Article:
If the retired are not poor, is it right for them to keep all-day free bus passes?

There has been a considerable fuss over a suggestion for a modest scaling-back of the benefits to the retired. It was proposed that ‘free bus travel’ be available only at off-peak travel times. At all other times, free bus travel would continue to apply.

The fuss has been strikingly one-side: the proposal was denounced by politicians, interest groups and journalists. Otherwise, silence; including on this blog.

The case for this change is easily stated – rush hour is busy because of workers travelling to/from work at times they don’t control. So it is a more efficient use of the bus system that people with more discretion over when to travel, notably the retired, would use (free) buses only at other times.  (Of course they could travel as paying passengers at any time.) Nearly one-tenth of passengers on the buses at rush hour use free bus passes. So either we expand the bus system or we move bus-pass holders to (free) travel at another time and release a lot of bus space.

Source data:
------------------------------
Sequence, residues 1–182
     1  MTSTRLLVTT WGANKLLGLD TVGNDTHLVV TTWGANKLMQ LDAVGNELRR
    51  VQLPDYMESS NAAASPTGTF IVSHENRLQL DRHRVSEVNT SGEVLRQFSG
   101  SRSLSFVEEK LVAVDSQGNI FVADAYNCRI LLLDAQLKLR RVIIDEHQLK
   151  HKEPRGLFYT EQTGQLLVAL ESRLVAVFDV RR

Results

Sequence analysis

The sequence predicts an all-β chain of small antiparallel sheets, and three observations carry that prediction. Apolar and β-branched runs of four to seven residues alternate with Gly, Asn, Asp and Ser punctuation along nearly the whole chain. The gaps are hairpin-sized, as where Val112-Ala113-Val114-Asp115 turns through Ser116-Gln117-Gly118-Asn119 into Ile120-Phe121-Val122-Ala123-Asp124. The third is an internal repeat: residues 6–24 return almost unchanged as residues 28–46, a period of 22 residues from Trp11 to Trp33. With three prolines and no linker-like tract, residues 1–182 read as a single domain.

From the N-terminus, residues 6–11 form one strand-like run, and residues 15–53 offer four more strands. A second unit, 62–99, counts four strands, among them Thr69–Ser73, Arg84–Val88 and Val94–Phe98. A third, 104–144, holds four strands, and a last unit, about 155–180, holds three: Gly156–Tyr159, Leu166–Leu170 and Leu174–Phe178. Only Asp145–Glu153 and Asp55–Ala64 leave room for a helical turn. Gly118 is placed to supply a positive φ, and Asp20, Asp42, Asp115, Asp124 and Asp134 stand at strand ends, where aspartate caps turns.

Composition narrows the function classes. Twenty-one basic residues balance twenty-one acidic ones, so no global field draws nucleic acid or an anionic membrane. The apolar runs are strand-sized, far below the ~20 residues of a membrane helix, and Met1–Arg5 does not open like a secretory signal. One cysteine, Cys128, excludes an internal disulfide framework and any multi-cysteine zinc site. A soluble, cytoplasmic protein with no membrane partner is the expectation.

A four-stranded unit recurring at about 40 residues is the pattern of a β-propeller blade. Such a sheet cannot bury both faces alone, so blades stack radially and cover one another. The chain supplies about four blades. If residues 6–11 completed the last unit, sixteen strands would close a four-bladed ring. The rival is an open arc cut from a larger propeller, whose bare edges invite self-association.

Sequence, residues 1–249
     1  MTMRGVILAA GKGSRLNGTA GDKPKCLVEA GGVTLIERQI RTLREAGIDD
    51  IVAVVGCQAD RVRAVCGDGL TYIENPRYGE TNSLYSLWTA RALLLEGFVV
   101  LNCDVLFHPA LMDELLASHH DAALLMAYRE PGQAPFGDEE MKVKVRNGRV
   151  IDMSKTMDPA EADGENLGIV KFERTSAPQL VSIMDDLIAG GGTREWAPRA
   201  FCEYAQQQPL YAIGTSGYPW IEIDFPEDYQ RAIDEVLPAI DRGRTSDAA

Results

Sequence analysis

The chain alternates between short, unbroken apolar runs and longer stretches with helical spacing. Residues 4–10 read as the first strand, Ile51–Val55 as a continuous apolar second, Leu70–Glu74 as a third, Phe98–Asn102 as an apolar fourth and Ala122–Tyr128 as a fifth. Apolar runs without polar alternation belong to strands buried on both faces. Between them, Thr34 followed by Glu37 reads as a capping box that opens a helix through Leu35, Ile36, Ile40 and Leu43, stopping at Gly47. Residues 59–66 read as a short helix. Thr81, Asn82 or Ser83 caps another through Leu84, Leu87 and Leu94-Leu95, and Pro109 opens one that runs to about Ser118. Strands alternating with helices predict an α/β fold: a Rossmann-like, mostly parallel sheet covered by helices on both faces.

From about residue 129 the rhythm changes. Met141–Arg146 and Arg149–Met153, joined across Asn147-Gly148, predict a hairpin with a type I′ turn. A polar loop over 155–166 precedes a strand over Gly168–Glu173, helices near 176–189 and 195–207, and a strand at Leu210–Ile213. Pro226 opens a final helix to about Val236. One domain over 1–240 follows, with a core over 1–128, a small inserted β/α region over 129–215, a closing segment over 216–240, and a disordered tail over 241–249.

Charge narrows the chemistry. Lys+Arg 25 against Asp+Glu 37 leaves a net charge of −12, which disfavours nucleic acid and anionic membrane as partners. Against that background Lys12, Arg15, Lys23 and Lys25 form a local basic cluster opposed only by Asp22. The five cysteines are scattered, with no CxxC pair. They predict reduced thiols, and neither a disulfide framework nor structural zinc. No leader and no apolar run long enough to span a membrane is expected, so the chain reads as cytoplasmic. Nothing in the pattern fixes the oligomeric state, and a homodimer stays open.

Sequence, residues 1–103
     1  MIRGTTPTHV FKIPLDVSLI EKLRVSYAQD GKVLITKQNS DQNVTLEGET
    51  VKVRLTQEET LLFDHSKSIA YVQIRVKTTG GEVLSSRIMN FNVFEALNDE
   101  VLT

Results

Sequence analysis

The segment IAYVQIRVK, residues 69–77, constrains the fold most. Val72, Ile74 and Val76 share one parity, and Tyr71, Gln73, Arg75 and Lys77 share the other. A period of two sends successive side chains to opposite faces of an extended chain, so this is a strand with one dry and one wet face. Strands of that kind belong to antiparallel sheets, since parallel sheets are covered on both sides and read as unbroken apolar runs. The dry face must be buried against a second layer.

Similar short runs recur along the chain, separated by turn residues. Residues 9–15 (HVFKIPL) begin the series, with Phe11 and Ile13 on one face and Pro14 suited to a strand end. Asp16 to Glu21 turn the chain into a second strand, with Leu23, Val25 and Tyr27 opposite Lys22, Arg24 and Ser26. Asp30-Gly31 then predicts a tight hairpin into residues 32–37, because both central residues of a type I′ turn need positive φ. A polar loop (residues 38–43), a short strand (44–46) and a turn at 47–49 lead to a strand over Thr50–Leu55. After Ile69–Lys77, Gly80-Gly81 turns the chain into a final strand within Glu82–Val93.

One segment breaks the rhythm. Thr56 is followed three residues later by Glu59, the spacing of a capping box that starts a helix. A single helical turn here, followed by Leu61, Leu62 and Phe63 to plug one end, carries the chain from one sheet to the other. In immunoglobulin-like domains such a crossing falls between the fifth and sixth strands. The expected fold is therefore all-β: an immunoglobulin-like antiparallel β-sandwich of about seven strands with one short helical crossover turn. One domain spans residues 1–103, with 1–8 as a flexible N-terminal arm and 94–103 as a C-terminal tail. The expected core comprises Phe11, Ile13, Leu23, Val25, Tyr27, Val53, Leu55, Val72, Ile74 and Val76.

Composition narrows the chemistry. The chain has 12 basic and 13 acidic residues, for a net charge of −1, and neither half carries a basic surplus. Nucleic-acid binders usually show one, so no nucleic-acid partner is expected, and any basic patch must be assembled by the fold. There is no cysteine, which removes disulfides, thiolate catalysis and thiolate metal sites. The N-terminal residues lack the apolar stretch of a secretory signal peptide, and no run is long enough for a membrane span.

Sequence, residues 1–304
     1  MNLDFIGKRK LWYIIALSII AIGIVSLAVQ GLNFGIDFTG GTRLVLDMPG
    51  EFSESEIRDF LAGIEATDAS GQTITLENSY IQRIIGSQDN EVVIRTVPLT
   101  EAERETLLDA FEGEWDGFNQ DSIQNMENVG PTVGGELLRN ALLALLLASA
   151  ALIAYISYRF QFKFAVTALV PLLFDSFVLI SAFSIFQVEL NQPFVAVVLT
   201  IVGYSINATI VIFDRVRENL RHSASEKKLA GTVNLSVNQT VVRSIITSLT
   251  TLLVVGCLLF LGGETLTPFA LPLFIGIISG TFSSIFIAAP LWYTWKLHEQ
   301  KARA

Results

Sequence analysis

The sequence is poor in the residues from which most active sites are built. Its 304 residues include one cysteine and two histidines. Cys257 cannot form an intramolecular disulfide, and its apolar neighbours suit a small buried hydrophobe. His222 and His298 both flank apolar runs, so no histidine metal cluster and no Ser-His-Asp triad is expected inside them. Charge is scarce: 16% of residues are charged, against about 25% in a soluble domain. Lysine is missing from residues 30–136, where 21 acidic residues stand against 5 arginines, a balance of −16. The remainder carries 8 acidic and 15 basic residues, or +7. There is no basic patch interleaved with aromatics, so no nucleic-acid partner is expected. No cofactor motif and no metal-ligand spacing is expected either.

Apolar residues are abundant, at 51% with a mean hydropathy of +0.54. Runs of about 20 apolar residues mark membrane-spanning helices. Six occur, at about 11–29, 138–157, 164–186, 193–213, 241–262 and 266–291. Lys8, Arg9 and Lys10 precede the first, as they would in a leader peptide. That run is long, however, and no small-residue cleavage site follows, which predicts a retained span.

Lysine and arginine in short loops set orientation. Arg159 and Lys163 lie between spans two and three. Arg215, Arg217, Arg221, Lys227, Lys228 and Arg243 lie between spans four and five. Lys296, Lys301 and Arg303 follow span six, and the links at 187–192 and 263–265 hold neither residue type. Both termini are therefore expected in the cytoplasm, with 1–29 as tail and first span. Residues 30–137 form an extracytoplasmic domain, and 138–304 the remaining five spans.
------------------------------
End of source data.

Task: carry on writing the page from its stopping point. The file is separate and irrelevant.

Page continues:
Available information suggests this change would also improve fairness. There is considerable evidence that the retired are not poor, either in income or in wealth terms. Removing a small fraction of the bus subsidy would seem to be fair, especially if it also made the bus service work better.

The CSO’s 2013 Household Finance and Consumption Survey (Table 12) indicates that in households where the head of household was under 35, median net wealth was €4,000. For households headed by a person 65 or older, median net wealth was €348,000. It seems legitimate to conclude that the retired are not poor in terms of their net wealth. (This is hardly surprising; they have had decades more than twenty-somethings in which to save. Grey and wrinkled has a few compensations.)